During our stay in Senegal, we took a trip to Saint Louis and had a guided tour of the city. A good portion of this tour involved a visit to the fishing district, one of the largest fishing ports in west Africa. We started with the packing and shipping section, and worked our way back to the ocean itself, where it seemed like half of the entire city worked on the pirogues.
The first thing that hit me was the stench of rotting fish. Though much of the fish is sold fresh, a lot of it is dried before it’s sold, and there were baskets of fish set out in the sun to dry. Unfortunately, a lot of it was starting to spoil. It didn’t help that the area was relatively unclean; there were flies everywhere, unidentifiable fluids running across the ground, and stray animals (dogs, cats, goats, even a couple horses) that did their business right there in on the asphalt.
Walking past the baskets of drying fish, we came to the sorting area. More baskets of fish. More smelly water. More flies. We said hello to some of the workers who were cleaning and sorting the fish brought to them, and they were very friendly, though they weren’t too keen on having their photos taken.
We continued down the path, dodging fishermen and merchants. We saw some live, freshly caught conchs, which was interesting to me because I had just learned about them in last semester’s animal diversity class, so I know how they work and what they look like inside. We also saw a ray, which I didn’t enjoy much because I know that rays aren’t usually caught for their meat but for their gill rakers (especially in China), but then I learned that in Senegal, people do actually eat rays sometimes, which made me feel a little better about it.
Farther along, we came to the ocean. We walked along it for a while, observing the pirogues, the fishermen, and the small huts for cleaning, preparing, and collecting fish to take to the shipping area. Though the smell had been unpleasant elsewhere, on the ocean shore, it became unbearable. The sand wasn’t visible at all, instead covered in a thick black sludge that I’m convinced was the buildup of dead fish over the years. The water, usually pretty clear on the Atlantic coast of Senegal, was murky and spotted with dead fish, floating belly-up in the tide. I had to alternate taking pictures and watching my feet, because anywhere we stepped, we risked planting our sandaled feet in a rotting tilapia or sardine.
In spite of the unpleasant odor and filth, I’m really glad we went. It was eye-opening for me as far as the state of fisheries in Africa and elsewhere. I’d never visited a fishery before, and though I’d read about them and seen pictures, none of that compares to what you learn and feel while walking through one yourself.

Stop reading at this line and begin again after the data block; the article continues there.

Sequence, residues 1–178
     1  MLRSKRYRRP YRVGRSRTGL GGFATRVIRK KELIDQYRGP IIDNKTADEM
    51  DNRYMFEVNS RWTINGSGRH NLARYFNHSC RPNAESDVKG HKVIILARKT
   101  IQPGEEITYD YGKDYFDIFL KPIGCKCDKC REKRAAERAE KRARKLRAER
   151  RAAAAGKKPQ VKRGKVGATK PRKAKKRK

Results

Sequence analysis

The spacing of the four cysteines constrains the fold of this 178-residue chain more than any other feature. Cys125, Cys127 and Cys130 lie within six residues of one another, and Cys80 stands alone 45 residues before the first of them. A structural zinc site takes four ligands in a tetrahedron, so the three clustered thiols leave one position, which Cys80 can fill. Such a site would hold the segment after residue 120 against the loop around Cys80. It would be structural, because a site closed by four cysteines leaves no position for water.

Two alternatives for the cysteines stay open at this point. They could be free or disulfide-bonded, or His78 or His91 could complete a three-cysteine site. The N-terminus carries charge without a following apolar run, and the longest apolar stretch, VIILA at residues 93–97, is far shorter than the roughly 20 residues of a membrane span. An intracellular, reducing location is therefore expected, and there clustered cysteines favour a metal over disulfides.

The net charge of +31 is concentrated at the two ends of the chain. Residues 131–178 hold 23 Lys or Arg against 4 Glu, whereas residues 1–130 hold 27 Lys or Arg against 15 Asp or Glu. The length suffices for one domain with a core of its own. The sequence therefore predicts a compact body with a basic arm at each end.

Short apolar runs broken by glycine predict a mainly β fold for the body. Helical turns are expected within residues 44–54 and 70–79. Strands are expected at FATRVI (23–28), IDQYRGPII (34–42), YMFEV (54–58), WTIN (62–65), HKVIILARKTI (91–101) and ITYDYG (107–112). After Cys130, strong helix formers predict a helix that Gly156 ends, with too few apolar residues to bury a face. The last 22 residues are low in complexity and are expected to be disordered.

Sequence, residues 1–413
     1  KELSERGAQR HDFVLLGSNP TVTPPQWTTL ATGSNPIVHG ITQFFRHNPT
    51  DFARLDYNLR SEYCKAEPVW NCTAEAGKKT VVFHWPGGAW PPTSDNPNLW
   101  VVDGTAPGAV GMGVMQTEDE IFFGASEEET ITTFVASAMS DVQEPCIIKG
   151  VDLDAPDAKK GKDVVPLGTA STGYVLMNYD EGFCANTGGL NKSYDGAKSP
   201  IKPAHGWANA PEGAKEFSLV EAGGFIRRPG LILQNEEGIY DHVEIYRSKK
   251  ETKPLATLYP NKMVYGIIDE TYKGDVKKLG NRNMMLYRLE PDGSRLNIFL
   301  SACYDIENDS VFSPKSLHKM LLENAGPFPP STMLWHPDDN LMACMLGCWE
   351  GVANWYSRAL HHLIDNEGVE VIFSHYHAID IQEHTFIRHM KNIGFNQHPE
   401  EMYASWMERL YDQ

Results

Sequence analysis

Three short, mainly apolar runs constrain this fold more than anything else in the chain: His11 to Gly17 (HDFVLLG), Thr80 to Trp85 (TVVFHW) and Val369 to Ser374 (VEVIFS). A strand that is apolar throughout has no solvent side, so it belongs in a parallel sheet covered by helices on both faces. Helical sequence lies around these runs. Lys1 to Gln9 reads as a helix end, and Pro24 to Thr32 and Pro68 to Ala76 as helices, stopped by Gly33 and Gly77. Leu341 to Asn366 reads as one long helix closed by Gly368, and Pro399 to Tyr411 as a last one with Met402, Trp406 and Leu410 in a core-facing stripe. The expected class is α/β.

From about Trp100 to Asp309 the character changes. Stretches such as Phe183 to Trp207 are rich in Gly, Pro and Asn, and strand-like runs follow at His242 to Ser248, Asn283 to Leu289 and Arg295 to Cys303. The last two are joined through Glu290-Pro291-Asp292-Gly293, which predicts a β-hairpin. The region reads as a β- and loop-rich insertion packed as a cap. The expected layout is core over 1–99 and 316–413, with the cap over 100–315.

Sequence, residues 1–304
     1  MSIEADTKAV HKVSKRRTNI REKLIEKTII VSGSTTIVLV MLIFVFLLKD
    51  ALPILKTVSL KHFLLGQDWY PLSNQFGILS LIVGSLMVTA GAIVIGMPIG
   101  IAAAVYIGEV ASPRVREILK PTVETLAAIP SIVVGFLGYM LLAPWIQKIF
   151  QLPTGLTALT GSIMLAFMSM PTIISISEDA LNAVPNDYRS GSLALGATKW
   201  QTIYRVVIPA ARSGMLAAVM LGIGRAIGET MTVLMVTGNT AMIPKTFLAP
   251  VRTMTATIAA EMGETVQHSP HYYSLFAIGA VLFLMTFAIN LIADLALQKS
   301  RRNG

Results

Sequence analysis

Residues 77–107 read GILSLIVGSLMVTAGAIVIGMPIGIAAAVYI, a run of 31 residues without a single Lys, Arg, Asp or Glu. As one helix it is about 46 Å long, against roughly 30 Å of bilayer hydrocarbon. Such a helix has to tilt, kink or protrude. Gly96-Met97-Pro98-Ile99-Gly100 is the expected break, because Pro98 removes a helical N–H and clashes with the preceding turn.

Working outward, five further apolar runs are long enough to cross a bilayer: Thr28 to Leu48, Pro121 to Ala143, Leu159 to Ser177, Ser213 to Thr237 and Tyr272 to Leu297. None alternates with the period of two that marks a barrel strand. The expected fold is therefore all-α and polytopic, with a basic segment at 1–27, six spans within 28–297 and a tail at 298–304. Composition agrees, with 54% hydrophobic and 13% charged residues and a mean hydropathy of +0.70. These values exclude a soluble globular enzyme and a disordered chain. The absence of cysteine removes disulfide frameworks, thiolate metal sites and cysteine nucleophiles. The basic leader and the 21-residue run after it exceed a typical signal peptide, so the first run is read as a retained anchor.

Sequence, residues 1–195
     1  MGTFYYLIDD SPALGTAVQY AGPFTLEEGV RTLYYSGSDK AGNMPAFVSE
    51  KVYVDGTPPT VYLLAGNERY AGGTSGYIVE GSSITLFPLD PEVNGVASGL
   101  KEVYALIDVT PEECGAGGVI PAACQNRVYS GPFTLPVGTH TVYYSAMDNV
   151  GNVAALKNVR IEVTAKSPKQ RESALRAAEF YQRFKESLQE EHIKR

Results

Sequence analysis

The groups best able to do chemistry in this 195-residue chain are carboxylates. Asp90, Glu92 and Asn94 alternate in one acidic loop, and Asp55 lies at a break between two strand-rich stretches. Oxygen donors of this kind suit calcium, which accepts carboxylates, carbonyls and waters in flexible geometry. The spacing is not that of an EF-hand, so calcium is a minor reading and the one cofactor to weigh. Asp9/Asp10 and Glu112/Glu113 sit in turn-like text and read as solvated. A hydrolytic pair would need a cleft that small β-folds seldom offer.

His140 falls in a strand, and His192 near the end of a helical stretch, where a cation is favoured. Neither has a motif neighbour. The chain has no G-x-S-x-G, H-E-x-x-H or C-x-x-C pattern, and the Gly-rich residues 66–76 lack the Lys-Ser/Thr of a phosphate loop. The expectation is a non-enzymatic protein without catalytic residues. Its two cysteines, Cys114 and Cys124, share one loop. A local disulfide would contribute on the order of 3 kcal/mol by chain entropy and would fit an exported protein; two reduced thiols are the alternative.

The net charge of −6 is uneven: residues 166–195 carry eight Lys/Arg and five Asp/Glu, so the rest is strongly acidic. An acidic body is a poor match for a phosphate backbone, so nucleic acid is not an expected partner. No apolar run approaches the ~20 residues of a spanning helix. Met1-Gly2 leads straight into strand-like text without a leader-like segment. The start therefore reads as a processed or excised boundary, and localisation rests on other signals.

For one, it was easier to understand the scale of the problems with the fishing industry there. Not only are the conditions unclean and unhygienic, mostly because of the inability to keep anything refrigerated, but there is so much waste! There were dead and rotting fish everywhere, just piles of them. Pounds and pounds and pounds of seafood gone to waste, and more still floating in the water. It’s bad enough that there’s wasted food anywhere, but especially in a country that already struggles with poverty, it’s tragic.
However, I must admit that although there are many problems with the fishing industry there, it is the economic base of the country. That’s the main reason why Saint Louis is such a large, beautiful city. Its people have work, because they work at the fisheries. And talking to the fishermen, I got the impression that they were happy, because they felt that they had a worthwhile job that supported them and their families. Since so many people in Saint Louis work at the port, it also creates a sense of community and shared experience, which is so important to the Senegalese people. It’s an integral part of their culture. So, it isn’t all bad.
And, you should know, if you visit Saint Louis or anywhere in Senegal and order fish from a restaurant or at a hotel, it won’t be the fish that was left out in the baskets next to the rotting ones. That’s the fish that is sold to local families and street merchants, or shipped elsewhere, while the hotels and moderately to high priced restaurants typically have contracts with independent fishing companies, so you don’t have to worry about getting sick from it. Not that as tourists we deserve better than anyone else, but just so that you know where your fish is actually coming from, depending on where you buy it.
If you go to Saint Louis, I recommend taking a trip to the port. It might not be pleasant, but it’s important to understand the local commerce and livelihood.